The “Isn’t My Spouse Awful” Game?

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Before I started assuming love, I engaged in the very popular “Isn’t my spouse awful?” game, as both instigator and player. To get it started, you ask your sister or people at work, or maybe even the stranger seated next to you on the bus, to confirm that there’s something terribly wrong with your spouse. You plead with them to agree that you’ve married someone who’s just plain wrong. Wrong about angels. Wrong about blue-green algae. Wrong about whether the right color ribbon is worth a two-hour drive. Wrong about evolution. Wrong about who ought to be elected. Wrong about what does and doesn’t belong in a living room. Wrong about the value of television. Wrong about how to when to ask for a raise. Wrong about teal blue. Wrong about who’s right and who’s wrong.


If you’ve played the game a lot, you may have it down to a shorthand version. You just glance at whoever’s available and roll your eyes as your spouse speaks. Whichever way you let others know how distressed you are with your spouse’s choices, every time you do it, you push love out of your life.
Why do the rest of us help you push love away? Well, most of us have strong opinions about politics, sports, hobbies, habits, decorating, religion, and the unknown. If we agree with you, we’ll gladly tell you so. It makes us feel a little closer to you, a little more right. Most of the time, it doesn’t occur to us that we’re helping you reject your life mate’s love, that we’re joining in to knock the foundation out from under your marriage.
When you assume love by trying to understand how someone kind and safe to be with who loves you fiercely might come to these different beliefs, you build your relationship. You reduce the fear that you don’t know and can’t trust this person you’re with. You reduce the fear that your differences will shatter your relationship. And you start to gain one of the great benefits of a marriage or life commitment to another person, the chance to explore different beliefs in a safe and loving environment.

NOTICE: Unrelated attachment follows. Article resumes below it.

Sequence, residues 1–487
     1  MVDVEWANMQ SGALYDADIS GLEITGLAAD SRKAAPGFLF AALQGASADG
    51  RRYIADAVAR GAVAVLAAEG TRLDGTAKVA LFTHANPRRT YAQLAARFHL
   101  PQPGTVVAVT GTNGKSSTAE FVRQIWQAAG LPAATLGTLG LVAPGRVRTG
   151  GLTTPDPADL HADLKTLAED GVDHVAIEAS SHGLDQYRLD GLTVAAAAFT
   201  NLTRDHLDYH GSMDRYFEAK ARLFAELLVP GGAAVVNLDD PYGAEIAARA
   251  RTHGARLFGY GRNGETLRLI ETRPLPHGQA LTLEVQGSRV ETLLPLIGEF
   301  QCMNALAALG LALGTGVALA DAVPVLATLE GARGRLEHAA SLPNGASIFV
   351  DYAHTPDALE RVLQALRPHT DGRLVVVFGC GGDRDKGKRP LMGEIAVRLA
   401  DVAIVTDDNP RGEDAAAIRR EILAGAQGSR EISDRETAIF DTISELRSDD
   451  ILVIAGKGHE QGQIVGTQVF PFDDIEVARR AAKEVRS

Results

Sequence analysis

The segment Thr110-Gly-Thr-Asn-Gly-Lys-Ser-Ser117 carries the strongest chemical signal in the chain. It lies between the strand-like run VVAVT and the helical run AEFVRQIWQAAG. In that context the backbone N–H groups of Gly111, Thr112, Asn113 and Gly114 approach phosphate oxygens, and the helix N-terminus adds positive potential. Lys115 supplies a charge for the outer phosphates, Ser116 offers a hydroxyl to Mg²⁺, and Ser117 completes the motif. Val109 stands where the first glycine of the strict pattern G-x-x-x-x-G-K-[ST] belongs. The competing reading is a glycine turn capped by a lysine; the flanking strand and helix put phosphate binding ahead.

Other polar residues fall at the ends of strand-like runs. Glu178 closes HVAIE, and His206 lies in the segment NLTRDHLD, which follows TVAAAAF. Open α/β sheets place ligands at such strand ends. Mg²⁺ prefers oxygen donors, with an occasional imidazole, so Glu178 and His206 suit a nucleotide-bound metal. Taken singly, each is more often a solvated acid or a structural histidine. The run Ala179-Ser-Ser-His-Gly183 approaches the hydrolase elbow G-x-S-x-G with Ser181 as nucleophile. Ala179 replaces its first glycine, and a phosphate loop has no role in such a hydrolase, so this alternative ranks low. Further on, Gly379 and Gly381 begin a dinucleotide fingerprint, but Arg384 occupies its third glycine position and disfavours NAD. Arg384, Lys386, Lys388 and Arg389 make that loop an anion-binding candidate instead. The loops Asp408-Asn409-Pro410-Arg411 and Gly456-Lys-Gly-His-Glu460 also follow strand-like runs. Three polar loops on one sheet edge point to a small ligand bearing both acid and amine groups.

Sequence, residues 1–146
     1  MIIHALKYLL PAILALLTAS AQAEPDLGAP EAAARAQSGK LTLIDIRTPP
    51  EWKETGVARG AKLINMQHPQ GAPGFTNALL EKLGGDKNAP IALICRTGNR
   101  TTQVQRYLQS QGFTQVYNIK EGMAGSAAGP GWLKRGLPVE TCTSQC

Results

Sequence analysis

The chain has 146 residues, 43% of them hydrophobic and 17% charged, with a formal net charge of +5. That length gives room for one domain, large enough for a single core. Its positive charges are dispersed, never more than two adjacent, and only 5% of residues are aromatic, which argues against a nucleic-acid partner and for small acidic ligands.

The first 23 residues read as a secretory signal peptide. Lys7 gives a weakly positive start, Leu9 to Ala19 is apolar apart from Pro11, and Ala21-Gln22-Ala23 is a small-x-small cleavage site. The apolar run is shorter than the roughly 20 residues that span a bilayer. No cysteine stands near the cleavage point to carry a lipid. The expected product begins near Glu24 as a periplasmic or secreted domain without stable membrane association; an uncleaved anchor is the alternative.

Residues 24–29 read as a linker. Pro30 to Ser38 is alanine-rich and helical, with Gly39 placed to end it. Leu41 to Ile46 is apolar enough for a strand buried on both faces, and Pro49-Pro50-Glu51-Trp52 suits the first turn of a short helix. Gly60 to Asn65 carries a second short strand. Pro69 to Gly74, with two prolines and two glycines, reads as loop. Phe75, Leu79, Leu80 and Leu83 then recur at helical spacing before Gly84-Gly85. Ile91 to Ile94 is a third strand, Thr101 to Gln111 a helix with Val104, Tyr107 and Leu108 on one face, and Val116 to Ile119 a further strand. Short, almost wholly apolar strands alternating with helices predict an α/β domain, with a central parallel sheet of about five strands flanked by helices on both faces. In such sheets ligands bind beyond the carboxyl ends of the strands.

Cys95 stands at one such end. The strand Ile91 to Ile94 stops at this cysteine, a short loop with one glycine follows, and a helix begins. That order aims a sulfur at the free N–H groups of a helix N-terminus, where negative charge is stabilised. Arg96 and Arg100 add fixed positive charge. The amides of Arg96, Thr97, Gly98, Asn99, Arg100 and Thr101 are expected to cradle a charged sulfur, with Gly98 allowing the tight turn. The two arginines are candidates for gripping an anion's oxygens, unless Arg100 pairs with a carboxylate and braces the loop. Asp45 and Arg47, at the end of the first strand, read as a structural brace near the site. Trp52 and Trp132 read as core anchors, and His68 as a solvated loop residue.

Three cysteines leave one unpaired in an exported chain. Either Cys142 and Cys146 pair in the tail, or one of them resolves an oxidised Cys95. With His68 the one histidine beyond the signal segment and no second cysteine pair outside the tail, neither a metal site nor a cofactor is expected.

About the author

Patty Newbold

I am a widow who got it right the second time. I have been sharing here since February 14, 2006 what I learned from that experience and from positive psychology, marriage research, and my training as a marriage educator.

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  • Thank you Patty for this terrific article! This “game” is one of the most debilitating things to a marriage. It seems inevitable that there be plenty of issues about which one can play “ain’t my spouse awful,” and learning to stop doing that is a significant step in turning a marriage around.
    I think that the next step is to start to understand why we (or they) play this game in the first place. Often there are underlying feelings of pain or fear together with feelings of helplessness. Complaining is never an effective way of getting our needs met in the first place. Complaining to others about our spouse is partly an attempt to validate our feelings. That it is ultimately ineffective even at that makes it doubly ironic of course.
    So I believe the best support one can give to a friend who is playing “ain’t my spouse awful” with you is to try to validate their feelings without agreeing with their judgments about their spouse.

By Patty Newbold

Patty Newbold

I am a widow who got it right the second time. I have been sharing here since February 14, 2006 what I learned from that experience and from positive psychology, marriage research, and my training as a marriage educator.

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